Clarity

Only one option remains for us: keep going.

This post was adapted from a message given by Seth Evans,
a preacher at Grandview Christian Assembly

Florence Chadwick was a world-renowned open-water long-distance swimmer.  She stormed onto the world scene when she became the first woman to swim the English Channel round trip, smashing records both ways. But her most famous race was a swim from Catalina Island, twenty-six miles to the coast of California.  At thirty-four years old, she launched off the beach, flanked by safety boats armed with rifles.  The waters were full of overly curious sharks.    

For fifteen hours, she swam through strong, frigid currents, until the California fog descended, obscuring the coastline.  She stopped, and began treading water, complaining that she couldn’t see the shore, and saying she would have to quit.  Those onboard the boats, including her mother, tried to encourage Florence to keep swimming.  She swam in the fog another hour, but stopped again, this time for good.  One of the boats carried her back to shore.  After sixteen hours in the water she had covered over twenty-five miles, and was stunned to find she had stopped a half-mile short of completing her race.

Florence had paid more attention to the fog, than to the voices of truth telling her to just keep going.  You and I are probably a lot like her, especially now in 2020, when we find ourselves in a year full of memes about yet another murder, destruction, and political strife.  It has been a time of societal and spiritual fog. 

A research study on the state of American spirituality measured the results of the Covid-19 lockdown when it initially hit in March.  There was a surge of spirituality as people reached out to churches and organizations to help them read their Bible, and pray.  Christians were fighting to find new ways to gather, whether in person or online.  But as the fog continued, and an end date just seemed to be further and further away, the brief uptick drifted downward.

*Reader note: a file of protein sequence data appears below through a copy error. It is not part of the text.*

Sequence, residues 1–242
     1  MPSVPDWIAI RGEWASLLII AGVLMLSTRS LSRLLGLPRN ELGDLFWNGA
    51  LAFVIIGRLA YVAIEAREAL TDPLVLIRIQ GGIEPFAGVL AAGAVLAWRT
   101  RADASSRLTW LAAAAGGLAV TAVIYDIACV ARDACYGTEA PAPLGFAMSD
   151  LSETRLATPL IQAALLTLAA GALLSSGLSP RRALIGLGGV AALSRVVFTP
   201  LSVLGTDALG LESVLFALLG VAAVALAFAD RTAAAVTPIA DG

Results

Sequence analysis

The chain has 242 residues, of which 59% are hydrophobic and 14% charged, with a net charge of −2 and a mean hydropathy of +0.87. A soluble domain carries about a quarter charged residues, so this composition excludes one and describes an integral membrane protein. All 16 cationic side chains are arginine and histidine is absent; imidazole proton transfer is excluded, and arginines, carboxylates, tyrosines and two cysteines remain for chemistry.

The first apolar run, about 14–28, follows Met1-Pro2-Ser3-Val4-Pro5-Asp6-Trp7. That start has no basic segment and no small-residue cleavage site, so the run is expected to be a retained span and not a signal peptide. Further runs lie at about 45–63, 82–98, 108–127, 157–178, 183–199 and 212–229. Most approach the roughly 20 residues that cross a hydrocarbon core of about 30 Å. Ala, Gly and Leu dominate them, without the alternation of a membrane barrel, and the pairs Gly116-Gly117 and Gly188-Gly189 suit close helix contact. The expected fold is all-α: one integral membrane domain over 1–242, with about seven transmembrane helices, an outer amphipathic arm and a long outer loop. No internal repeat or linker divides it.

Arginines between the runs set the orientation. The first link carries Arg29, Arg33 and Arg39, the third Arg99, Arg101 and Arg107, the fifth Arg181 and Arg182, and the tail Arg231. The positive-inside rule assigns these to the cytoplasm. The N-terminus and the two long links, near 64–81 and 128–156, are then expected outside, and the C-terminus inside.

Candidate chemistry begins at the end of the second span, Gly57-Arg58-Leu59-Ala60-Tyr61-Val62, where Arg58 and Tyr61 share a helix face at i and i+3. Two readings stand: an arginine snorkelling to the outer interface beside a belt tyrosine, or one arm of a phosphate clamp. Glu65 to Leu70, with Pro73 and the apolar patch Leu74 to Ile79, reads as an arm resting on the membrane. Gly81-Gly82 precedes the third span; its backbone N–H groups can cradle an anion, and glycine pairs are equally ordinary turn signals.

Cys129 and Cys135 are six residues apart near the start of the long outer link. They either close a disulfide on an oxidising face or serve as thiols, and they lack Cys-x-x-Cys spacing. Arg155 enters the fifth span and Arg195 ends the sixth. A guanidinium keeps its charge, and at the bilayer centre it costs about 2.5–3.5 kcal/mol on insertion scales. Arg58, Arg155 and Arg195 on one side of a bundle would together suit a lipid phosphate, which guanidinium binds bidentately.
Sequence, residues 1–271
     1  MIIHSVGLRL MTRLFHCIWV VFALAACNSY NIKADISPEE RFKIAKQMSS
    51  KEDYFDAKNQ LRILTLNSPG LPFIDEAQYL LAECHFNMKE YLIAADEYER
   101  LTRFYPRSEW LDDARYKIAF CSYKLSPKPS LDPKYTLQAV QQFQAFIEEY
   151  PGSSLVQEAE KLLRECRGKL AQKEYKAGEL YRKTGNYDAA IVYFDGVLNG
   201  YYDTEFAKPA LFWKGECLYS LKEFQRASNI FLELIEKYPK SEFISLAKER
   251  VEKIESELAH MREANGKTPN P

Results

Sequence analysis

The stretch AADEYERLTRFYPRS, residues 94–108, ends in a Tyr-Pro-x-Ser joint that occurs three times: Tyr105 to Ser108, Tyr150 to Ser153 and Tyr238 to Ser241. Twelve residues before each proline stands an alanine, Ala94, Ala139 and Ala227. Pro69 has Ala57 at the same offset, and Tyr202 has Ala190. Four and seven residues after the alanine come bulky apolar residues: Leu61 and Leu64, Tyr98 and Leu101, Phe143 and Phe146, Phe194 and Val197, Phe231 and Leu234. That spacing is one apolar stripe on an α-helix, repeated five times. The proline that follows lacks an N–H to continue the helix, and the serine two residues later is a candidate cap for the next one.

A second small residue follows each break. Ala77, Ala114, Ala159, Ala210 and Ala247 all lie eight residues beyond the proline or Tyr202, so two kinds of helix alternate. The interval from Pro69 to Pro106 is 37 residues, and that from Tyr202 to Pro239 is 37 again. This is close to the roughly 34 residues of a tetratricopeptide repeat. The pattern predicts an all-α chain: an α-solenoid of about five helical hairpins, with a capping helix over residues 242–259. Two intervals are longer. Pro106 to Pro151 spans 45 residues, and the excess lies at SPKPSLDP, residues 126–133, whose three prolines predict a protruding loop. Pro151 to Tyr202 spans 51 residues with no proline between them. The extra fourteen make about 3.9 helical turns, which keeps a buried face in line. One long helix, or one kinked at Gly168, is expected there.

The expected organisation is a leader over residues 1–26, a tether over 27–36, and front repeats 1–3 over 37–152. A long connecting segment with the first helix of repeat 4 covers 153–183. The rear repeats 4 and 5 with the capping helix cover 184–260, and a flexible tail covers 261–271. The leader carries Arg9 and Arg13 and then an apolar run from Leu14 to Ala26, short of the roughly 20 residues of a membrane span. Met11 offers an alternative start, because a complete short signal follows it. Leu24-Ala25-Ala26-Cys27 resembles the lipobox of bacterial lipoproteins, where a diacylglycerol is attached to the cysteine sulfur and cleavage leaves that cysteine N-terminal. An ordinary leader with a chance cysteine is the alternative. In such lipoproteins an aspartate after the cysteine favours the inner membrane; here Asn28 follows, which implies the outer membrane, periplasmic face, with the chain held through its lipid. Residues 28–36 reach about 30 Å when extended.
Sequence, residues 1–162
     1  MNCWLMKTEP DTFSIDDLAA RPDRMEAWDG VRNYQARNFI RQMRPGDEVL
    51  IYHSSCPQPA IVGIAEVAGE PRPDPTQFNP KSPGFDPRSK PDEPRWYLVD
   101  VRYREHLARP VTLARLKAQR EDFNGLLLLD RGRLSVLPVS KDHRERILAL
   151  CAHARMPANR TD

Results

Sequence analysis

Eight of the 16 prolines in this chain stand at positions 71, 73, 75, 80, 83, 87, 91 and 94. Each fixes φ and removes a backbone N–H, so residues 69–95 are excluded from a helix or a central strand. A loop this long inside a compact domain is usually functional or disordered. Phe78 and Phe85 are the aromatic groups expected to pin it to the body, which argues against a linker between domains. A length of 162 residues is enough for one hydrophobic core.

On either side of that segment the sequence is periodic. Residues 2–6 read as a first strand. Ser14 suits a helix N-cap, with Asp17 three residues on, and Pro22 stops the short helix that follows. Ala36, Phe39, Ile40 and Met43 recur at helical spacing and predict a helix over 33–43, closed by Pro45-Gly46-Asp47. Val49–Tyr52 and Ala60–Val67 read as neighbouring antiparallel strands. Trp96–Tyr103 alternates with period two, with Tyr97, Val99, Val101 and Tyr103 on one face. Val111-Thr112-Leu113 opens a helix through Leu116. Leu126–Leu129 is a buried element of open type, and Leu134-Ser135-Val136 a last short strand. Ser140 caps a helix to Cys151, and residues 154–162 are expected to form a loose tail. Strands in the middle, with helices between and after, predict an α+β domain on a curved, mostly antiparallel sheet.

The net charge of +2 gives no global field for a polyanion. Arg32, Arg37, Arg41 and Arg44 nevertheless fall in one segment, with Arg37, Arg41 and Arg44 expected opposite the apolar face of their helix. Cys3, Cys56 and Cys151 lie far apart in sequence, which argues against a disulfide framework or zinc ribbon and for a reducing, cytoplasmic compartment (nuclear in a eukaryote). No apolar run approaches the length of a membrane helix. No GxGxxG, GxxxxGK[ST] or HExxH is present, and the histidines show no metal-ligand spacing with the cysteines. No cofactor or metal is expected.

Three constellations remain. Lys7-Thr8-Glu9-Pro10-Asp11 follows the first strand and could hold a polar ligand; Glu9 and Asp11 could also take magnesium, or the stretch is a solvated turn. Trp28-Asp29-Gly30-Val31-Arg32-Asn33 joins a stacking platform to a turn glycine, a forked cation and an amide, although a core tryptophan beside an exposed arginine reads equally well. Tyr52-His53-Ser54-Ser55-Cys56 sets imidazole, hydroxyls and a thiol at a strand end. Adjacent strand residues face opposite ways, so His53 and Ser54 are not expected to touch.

Another study done in August found that 13.1 million fewer Americans were reading the Bible daily than they were in January, before the lockdown.  There had also been a twenty percent drop in the Evangelical Christian Church of people who had not attended online or in person the previous month or longer.  Twenty-five percent of those, said they didn’t plan on ever returning to church again.  

All of this is to say the Christian population has allowed societal fog to settle within them and become a spiritual fog.  One popular Christian author and blogger, wrote, “As I repent of my spotty Bible reading over the past few months, I realize my fundamental problem is not a lack of time, mounting stress, or increased fatigue.  Working from home and overseeing distance education for my three kids may be challenging, but it doesn’t keep me from reading Leviticus.  My real problem is something else.  It’s the fact that I don’t value the Bible as much as I should.  I should gobble it up like honey, and treasure it like a stack of gold coins, but on my own, I can drift into acting like the Bible is just like any other book–nice, but not essential.”

I think she really summed up the state of spiritual fog in Christianity right now.  On our own, without the body of Christ around us, we tend to drift away and treat the Bible just like any other book.  What do we do about this? What is the solution to a disoriented condition in a society full of angst, anxiety, and distractions of all kinds, one that is unrelenting, with no end date?  Even if the fog bank lifts, another will come along.  

We can see God’s solution in the book of Hebrews, where we should take our eyes off the societal and spiritual cloud, and set our eyes on a different one.  We persevere by setting our eyes on the great cloud of witnesses, and Scripture in the church body around us, who encourage us to turn our eyes to Jesus.  We’re to be empowered by him to run the Christian race all the way to the end.  

12:1-2  Therefore since we are surrounded by so great a cloud of witnesses, let us also lay aside every weight and sin which clings so closely, and let us run with endurance the race that is set before us, looking to Jesus, the founder and perfecter of our faith, who for the joy that was set before him endured the cross, despising the shame, and is seated at the right hand of the throne of God.”